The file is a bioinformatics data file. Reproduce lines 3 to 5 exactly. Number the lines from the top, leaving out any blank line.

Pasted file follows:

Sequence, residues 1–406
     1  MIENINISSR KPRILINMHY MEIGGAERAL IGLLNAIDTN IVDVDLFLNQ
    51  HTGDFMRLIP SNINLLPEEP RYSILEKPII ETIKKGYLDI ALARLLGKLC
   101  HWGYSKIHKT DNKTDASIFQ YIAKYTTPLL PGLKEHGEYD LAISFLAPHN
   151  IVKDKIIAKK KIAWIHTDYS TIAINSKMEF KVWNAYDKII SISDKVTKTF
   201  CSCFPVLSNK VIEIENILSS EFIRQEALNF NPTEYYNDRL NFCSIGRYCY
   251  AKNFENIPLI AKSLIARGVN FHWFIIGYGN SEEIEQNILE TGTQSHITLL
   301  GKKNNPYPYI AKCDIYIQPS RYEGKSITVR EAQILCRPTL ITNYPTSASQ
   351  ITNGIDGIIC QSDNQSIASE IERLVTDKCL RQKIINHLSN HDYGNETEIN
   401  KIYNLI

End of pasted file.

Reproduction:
    51  HTGDFMRLIP SNINLLPEEP RYSILEKPII ETIKKGYLDI ALARLLGKLC
   101  HWGYSKIHKT DNKTDASIFQ YIAKYTTPLL PGLKEHGEYD LAISFLAPHN
   151  IVKDKIIAKK KIAWIHTDYS TIAINSKMEF KVWNAYDKII SISDKVTKTF